Michael Brune empathizes with the people who don’t raise a hand after he asks, “who believes, as a nation, we’re prepared to meet the challenge of climate change?”
The executive director of the Sierra Club was pleasantly surprised when considerably more than the 10% average raised them up at the City Club of Cleveland this week.
Brune noted that the majority of Americans want to take action on climate change, while showing considerably less faith that the big, systemic changes will be made.
“The challenges are pretty steep,” he admitted. “Most of the conversation has been about the impending apocalypse. We have to also empathize with the families that will be affected.”
The big stumbling block is this: one of the largest industries in modern times will have to leave billions of dollars of fossil fuel reserves in the ground.
“We have a long way to go,” he said, “to break the logjam of the biggest companies in the world."
There’s a conundrum. If energy companies don’t move from extraction to 100% renewables, the planet will warm beyond the 2 degrees Celsius that the Intergovernmental Panel on Climate Change (IPCC) has shown will hasten the extinction of whole ecosystems and threaten to wipe out the homes of millions of people.
Despite the odds, Brune joined those at the City Club—and Sierra Club’s 2.4 million members—who believe that, where there’s a will, there is also a way to transition from fossil fuels to 100% clean energy by 2050.
“Ghandi said, ‘the measure between what we’re capable of and what we are doing can solve all of the world’s problems,’” he added, hopefully.
Sierra Club is focusing all of its attention on how to make the switch, said Brune, whose confidence is based on the growing number of those moving to action.
“House by house, thousands of people are installing solar panels,” he said, “in response to climate change or because they think solar energy is awesome and the science of it is amazing.”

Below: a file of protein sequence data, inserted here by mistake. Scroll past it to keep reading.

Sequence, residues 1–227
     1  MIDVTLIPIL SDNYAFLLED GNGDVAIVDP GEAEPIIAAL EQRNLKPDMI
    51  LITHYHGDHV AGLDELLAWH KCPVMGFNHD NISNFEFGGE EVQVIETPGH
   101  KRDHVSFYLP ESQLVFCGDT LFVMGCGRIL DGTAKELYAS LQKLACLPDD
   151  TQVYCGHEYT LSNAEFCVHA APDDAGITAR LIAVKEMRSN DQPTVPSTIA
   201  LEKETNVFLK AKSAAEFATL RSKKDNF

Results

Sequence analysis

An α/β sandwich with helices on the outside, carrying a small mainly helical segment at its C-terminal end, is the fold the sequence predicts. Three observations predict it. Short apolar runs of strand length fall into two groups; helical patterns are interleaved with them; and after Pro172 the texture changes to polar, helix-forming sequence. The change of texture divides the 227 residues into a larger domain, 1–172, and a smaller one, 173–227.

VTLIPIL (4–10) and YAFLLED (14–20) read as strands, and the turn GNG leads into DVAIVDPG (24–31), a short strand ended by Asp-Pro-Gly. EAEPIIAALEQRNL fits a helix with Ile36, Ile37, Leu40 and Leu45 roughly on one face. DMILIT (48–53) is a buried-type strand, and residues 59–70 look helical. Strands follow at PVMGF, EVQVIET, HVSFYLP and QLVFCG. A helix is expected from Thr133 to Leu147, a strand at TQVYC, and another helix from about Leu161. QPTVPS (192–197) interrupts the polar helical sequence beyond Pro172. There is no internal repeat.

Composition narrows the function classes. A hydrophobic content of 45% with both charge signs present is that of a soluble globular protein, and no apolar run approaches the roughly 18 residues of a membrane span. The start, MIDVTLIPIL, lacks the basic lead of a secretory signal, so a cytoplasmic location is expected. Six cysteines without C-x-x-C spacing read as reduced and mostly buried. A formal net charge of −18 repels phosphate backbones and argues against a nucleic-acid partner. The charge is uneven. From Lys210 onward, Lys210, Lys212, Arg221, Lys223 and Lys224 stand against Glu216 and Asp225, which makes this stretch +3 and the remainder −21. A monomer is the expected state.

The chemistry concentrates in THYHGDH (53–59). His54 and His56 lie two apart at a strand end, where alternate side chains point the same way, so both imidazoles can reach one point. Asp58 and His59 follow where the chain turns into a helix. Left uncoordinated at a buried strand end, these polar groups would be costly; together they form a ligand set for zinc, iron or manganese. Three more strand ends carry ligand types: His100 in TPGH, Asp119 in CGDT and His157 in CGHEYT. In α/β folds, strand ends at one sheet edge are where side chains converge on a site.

They are growing an industry, he assured.
“Dozens of utilities have made billions of dollars—with the exception of Ohio—in clean energy,” he said, referring to the state’s freeze of its renewable energy portfolio (RPS) standard which, until Ohio congressmen last year put a halt to it, required utilities to produce 12.5% of energy from cleaner sources.
When asked why Ohio froze its RPS despite signs that it was working, Brune said ideology trumped common sense.
“We’ve always had opposing parties. You have a party that is only interested in defeating the other party rather than (in) good policy.”
Ohio’s roll back is regrettable, Brune said, and places the state firmly on the wrong side of history (although Governor Kasich has stated that a permanent freeze is "unacceptable"). Evidenced by the climate agreement signed by more than 100 nations last year in Paris, the first to commit the world to carbon reductions.
The Paris agreement will depend on cities, like Cleveland, meeting their end of the bargain. Cleveland has committed to reducing its carbon emissions in its Climate Action Plan. Observers noted that the city needs a strategy to meet its goal.
“If we can build a model in Cleveland—with its manufacturing prowess,” Brune concludes, “if we can do that, it’s going to be game over. We can do it everywhere.”